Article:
By Thomas R. Craig

Auditors work with numbers practically every day. There are five interesting properties of accounting numbers that are directly relevant to the day-to-day work of most auditors.

Large Numbers Are Important, Small Numbers Are Not. Everyone who works with numbers ends up being distracted, at least occasionally, by insignificant items that have captured their time and attention. To be sure, experience helps in judging whether an item is significant or not. However, unless an auditor makes a concerted effort to stay focused on what is important, she inevitably becomes distracted by minutiae and the myriad exceptions produced by an imperfect world. As a result, the auditor wastes not only her own time and energy, but also the time and energy of client officials and audit staff personnel that interact with her.

Here are a few pointers for developing insight into relative magnitudes when working with numerical data. First, be mindful that Pareto's "20/80 rule" (i.e., 20% of the items account for 80% of the total) fits most heterogeneous economic populations reasonably well. Second, the "largest order of magnitude rule" is an informal technique to avoid insignificant details. Under this rule, the focus is only on items greater than one-tenth the size of the largest item in the population. Third, data residing on computer-accessible files frequently can be graphed or sorted to provide useful insights into relative magnitudes. In the final analysis, however, there is no substitute for keeping perspective, priorities, and purpose firmly fixed in mind when working with numerical data. Perfectionism and the tendency to be distracted by insignificant detail extract a huge cost in auditing.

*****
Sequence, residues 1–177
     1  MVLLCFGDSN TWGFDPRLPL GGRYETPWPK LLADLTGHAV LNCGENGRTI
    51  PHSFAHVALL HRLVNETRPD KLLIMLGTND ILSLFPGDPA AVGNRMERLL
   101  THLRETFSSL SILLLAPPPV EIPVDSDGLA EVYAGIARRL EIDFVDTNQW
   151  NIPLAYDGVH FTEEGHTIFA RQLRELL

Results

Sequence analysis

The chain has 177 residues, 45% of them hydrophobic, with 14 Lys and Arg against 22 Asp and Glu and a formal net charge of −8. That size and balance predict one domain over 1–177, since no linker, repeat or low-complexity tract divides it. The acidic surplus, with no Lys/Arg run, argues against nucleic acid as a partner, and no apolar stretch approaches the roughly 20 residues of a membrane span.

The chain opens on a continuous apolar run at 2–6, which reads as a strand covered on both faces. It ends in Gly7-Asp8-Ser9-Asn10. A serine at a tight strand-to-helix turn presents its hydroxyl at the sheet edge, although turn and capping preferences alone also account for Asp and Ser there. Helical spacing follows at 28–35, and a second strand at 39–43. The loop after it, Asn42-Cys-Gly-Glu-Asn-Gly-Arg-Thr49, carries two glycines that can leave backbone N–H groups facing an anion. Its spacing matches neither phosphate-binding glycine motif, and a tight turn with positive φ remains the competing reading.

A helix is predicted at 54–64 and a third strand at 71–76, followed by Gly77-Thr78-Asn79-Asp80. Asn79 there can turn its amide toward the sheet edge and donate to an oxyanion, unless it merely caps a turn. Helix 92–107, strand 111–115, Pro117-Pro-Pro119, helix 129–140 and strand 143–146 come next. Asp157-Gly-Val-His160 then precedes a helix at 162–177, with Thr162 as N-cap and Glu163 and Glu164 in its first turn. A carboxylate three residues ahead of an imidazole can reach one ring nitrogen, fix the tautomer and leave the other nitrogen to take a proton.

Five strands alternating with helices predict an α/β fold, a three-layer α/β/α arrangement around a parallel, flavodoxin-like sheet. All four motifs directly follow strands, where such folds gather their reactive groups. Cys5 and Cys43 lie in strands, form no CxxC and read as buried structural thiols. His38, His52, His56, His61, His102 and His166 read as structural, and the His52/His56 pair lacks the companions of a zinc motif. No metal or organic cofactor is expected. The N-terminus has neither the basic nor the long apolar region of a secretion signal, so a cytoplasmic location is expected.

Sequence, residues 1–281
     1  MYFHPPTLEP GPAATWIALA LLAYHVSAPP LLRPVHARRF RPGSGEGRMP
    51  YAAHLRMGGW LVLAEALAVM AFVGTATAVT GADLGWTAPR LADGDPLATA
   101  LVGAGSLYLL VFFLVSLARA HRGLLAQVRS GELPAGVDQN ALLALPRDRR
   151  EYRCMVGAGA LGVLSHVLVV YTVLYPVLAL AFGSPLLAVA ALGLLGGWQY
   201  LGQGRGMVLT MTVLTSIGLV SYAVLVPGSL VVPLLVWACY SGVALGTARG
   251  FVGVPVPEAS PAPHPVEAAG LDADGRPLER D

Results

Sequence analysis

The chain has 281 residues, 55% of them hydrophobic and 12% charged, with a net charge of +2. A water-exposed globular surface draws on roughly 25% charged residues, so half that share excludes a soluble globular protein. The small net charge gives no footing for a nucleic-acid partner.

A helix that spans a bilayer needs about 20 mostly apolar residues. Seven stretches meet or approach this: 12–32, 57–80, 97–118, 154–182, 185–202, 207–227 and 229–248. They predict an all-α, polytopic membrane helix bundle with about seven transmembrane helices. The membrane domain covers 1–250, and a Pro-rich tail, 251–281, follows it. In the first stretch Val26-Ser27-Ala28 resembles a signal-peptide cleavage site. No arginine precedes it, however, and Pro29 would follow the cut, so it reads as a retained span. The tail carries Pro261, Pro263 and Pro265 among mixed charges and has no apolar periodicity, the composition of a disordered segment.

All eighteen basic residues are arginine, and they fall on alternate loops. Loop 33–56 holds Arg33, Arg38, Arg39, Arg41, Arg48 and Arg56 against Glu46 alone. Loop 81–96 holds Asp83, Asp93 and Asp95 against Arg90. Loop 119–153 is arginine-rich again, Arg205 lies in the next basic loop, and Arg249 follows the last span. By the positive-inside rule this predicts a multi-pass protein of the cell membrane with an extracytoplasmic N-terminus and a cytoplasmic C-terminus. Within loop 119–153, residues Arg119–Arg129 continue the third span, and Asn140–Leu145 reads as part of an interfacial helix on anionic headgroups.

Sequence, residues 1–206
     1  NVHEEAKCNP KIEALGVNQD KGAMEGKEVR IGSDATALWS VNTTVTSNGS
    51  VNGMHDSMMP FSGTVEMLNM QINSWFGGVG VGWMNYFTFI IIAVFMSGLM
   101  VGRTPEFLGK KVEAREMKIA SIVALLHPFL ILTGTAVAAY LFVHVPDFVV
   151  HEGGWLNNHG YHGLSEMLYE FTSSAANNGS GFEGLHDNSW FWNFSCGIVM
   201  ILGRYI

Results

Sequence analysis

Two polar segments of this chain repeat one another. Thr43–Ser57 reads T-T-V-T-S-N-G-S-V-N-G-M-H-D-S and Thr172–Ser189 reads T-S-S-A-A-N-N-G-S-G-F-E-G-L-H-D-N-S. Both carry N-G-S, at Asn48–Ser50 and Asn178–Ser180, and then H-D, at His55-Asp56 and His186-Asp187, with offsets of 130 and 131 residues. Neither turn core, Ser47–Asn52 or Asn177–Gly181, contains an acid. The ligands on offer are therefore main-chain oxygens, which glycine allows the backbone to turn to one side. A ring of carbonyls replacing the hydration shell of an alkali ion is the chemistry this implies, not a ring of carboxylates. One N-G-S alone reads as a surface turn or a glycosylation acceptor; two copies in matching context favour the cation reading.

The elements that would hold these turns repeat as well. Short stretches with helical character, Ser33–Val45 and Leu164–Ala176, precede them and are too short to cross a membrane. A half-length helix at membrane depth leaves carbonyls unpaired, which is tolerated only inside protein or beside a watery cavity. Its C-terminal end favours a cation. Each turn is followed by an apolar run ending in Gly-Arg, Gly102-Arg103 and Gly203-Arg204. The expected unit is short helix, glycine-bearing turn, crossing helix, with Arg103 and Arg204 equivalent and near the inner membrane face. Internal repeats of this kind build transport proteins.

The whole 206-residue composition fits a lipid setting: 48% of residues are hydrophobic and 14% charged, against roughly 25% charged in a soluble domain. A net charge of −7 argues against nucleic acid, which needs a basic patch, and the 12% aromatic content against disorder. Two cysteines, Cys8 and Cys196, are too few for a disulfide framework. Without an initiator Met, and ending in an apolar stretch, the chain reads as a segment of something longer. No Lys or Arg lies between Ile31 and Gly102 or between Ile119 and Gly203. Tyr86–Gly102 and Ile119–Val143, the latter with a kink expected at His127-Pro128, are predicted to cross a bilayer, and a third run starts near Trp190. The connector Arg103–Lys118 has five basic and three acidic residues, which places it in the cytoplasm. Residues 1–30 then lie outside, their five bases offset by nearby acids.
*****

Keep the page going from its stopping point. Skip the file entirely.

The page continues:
Noise Tends to Cancel out, Bias Does Not. Noise is a statistical term referring to effects of random errors, which have a cumulative expected value of zero. Bias does not have an expected value of zero, but rather a positive or negative value, depending upon intent. When accounting data have been developed in an unbiased manner, income effects of individual misstatements tend to offset one another, especially in large, multidivisional companies. However, when income has been biased via a series of individual actions and judgments, detected misstatements will tend in the same

At the conclusion of an audit, an auditor may not know which detected misstatements reflect random noise and which, if any, reflect systematic bias. Nonetheless, if she suspects that detected misstatements reflect bias, she may be more inclined to propose adjustments than if she believed otherwise. Client officials normally do not attempt to conceal noise (which has an expected effect on income of zero), but would be expected to attempt to conceal bias (which typically has an effect on income). Hence, if the aggregated effect of detected misstatements is anywhere close to materiality thresholds, an auditor would be prudently concerned about the possibility that further undetected bias would cause the financial statements to be materially misstated.

Editor's Note: Under Lee Seidler's proposal in this month's CPA Journal, all but inconsequential adjustments would have to be recorded. That would not, however, eliminate the need to consider whether undetected bias exists.

An Estimate Is No License to Be Sloppy. Accounting information based upon objective facts is usually developed with reasonable care. However, there is a tendency for a noticeable degree of imprecision and lack of analytical rigor to creep into calculations involving accounting estimates. While it is true that estimates are inherently less precise than facts, this lack of precision is not a license for sloppiness.